The demand for legalizing corporate hackbacks is growing – and there is significant interest by private corporations to utilize hack back if the technique was lawful.

If private companies were able to obtain the right to hack back legally, the risks for blowback is likely more significant than the opportunity and potential gains from private hackbacks. The proponents of private hackback tend to build their case on a set of assumptions. But if these assumptions are not valid, private hackback could become a federal problem through uncontrolled escalation and spillover from these private counterstrikes.

Here are five assumptions commonly made in discussing hack backs:

Private companies can attribute.

The idea of legalizing hack back operations is based on the assumption that the defending company can attribute the initial attack with pin-point precision. If attribution is not achieved with granularity and precision, the right to cyber counterstrike would be the right to strike anyone based on suspicion of involvement. Very few private entities can, with high granularity, determine who attacked them. The lack of norms and a right to strike back, especially if the precision in the counterstrike is not perfect, would increase entropy and deviation from emerging norms and international governance.

Counterstriking corporations can engage a state-sponsored organization.

Things might spin out of control. The old small tactics rule – anyone can open fire, only geniuses can get out unharmed - applies. A counterstriking corporation may perceives that it can handle the adversaries, maybe believing the bad guys are an underfunded group of college students that hacks for fun, only to later find out that it is a heavily funded and highly potent foreign state agency that hacks for destruction and mayhem. A probing counterattack would not be enough to determine the operational strength, ability, and intent of the potential adversary. Following the assumption that the counterstriking corporation can handle any adversary is embedded the assumption that there will be no uncontrolled escalation.

The entire engagement is locked in between parties A and B.

Perhaps a follow-up assumption in this scenario is that a hack back would create a deterrence that prevents the initial attacker from continuing attacking. The defending company needs to be able to counterattack with such magnitude that the initial attacker thinks twice about further attacks. If deterrence cannot be established it would likely lead to escalation or a tit-for-tat game without any decisive conclusion and continue until the initial attacker decides to end the interchange.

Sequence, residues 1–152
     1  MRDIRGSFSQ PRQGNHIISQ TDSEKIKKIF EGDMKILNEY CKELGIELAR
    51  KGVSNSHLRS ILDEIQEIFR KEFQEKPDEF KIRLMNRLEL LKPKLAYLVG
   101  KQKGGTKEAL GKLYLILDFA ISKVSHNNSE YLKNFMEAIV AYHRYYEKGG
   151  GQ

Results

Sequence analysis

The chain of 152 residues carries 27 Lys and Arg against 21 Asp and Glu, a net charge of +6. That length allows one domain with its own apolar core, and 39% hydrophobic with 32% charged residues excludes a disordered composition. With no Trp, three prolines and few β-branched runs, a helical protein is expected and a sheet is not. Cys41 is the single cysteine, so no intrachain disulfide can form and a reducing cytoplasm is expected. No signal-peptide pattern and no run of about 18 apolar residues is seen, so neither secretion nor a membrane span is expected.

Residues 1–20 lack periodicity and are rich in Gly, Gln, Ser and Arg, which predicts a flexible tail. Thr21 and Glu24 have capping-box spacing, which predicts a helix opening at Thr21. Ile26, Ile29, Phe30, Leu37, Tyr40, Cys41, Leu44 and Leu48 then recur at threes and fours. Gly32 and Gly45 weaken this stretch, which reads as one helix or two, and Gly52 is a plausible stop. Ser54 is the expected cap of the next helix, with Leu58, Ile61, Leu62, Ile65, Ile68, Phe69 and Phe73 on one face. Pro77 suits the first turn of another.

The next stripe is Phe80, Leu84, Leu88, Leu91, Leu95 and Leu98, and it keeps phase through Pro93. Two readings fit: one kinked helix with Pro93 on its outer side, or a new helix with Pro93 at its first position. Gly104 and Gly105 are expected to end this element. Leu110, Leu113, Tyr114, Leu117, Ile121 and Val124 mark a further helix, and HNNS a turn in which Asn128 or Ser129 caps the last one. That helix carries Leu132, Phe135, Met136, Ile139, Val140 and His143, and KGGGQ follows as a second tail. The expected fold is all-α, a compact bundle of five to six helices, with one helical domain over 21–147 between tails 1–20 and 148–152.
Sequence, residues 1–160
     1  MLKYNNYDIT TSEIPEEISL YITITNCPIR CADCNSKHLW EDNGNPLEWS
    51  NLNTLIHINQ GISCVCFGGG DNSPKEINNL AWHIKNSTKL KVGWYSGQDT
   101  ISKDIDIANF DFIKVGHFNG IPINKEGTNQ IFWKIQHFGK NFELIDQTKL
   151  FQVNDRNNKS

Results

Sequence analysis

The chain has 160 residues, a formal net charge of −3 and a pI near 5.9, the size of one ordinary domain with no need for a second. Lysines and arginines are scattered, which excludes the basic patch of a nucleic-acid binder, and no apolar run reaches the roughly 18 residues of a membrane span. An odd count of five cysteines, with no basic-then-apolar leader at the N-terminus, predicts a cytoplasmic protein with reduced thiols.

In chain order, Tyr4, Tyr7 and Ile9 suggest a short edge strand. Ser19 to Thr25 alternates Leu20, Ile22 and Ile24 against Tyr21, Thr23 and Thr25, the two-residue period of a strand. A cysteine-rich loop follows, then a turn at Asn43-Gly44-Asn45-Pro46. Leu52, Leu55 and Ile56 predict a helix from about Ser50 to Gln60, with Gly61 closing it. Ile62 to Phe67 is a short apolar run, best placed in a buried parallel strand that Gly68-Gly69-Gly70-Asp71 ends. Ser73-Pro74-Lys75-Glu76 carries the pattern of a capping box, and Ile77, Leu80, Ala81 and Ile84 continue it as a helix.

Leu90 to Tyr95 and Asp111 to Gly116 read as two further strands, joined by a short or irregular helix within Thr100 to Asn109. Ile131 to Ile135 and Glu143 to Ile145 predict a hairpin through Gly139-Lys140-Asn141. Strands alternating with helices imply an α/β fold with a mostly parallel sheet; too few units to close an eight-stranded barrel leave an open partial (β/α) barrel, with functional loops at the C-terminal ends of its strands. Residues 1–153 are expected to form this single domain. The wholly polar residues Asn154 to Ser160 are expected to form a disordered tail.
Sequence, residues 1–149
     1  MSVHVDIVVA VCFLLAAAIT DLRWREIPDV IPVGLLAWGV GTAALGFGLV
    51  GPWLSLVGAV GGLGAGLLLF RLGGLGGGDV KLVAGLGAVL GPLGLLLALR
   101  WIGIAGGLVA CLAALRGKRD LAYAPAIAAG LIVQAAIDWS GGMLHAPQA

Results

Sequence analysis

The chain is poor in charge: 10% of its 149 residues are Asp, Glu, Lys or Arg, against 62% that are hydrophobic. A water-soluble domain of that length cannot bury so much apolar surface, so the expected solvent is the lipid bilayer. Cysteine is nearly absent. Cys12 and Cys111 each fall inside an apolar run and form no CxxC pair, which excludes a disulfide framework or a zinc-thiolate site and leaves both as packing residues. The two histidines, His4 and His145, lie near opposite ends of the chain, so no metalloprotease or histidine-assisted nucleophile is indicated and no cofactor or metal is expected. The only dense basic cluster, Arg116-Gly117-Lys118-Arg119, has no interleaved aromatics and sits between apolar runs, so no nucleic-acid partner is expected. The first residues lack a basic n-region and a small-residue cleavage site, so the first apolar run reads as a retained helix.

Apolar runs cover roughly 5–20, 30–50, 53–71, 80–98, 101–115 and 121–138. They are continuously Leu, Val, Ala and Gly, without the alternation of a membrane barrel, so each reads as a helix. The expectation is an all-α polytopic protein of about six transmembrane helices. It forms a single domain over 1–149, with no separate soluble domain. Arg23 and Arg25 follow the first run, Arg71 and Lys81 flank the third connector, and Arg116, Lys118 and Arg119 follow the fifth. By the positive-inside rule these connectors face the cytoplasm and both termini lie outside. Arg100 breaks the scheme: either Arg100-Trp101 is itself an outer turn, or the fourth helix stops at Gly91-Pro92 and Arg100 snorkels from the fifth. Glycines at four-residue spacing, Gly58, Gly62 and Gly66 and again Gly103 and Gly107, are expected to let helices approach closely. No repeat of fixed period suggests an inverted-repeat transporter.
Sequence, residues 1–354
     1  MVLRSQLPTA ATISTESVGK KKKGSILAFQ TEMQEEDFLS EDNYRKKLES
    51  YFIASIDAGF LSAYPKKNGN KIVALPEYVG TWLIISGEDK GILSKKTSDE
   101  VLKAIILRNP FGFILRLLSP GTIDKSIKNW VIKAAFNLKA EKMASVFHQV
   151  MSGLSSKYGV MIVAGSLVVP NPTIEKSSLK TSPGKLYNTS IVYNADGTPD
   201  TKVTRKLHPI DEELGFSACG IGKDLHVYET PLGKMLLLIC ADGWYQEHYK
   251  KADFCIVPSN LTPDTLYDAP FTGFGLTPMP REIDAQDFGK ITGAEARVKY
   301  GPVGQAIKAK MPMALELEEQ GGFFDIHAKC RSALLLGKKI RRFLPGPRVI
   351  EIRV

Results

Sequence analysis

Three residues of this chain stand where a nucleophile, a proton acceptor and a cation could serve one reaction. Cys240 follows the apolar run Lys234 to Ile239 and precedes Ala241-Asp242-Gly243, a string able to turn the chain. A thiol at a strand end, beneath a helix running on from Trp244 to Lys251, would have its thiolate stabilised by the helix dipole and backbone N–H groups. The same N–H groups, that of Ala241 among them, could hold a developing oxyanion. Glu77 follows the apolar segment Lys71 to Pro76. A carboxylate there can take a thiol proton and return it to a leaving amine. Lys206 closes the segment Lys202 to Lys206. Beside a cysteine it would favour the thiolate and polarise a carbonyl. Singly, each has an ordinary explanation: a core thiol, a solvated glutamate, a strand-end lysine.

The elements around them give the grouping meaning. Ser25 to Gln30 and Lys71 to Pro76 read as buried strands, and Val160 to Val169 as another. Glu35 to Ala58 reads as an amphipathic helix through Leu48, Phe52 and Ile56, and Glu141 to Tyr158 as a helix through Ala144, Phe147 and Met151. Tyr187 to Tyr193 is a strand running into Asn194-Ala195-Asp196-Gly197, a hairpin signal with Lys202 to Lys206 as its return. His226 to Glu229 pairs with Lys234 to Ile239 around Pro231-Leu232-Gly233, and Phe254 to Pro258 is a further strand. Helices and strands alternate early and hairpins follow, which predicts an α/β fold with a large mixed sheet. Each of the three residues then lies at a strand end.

The initial attacker has no second strike option.

The belief is that the exchange will occur with a specific set of cyber weapons and aim points. This means the back-and-forth cannot lead to further damages. A new set of second strikes would not be an uncontrolled escalation as long as the targeting occurred within the same realm and values as the earlier strikes. The second strike option for the initial attacker could target unprecedented targets at the initial attackers discretion. Instead, it is more likely that the initial attacker has second strike options that the initial target is unaware of at the moment of counterstrike.

The counterstriking company has no interests or assets in the initial attacker’s jurisdiction.

If a multi-national company (MNC) counterstrikes a state agency or state-sponsored attacker the corporation could face repercussions if it has assets in the jurisdiction of the initial attacker. Major companies have interests, subsidiaries, and assets in hundreds of jurisdictions. The question is then if Company A responds to a cyberattack from China, what will the risks be for Company A’s subsidiary in China. The majority of the potential source countries for hacking attacks are totalitarian and authoritarian states. A totalitarian state can easily, and it is in their reach, switch domain and seize property, arrest innocent business travels, and act in other ways as a result of corporate hackback. I am not saying that we should let totalitarian regimes act any way they want – I am only saying that it is not for private corporations to engage and seeking to resolve. It is a government domain to interact with foreign governments.

The idea to legalize corporate hack backs could lead to increased distrust, entropy, and be counterproductive to the long-term goal of a secure and safe Internet. The upside for government to allow corporate hackbacks is likely far lower than the potential for damaging outcome as spillover and multi-domain escalation.

Jan Kallberg is a research scientist at the Army Cyber Institute at West Point and an assistant professor in the department of social sciences at the United States Military Academy. The views expressed are those of the author and do not reflect the official policy or position of the Army Cyber Institute at West Point, the United States Military Academy or the Department of Defense.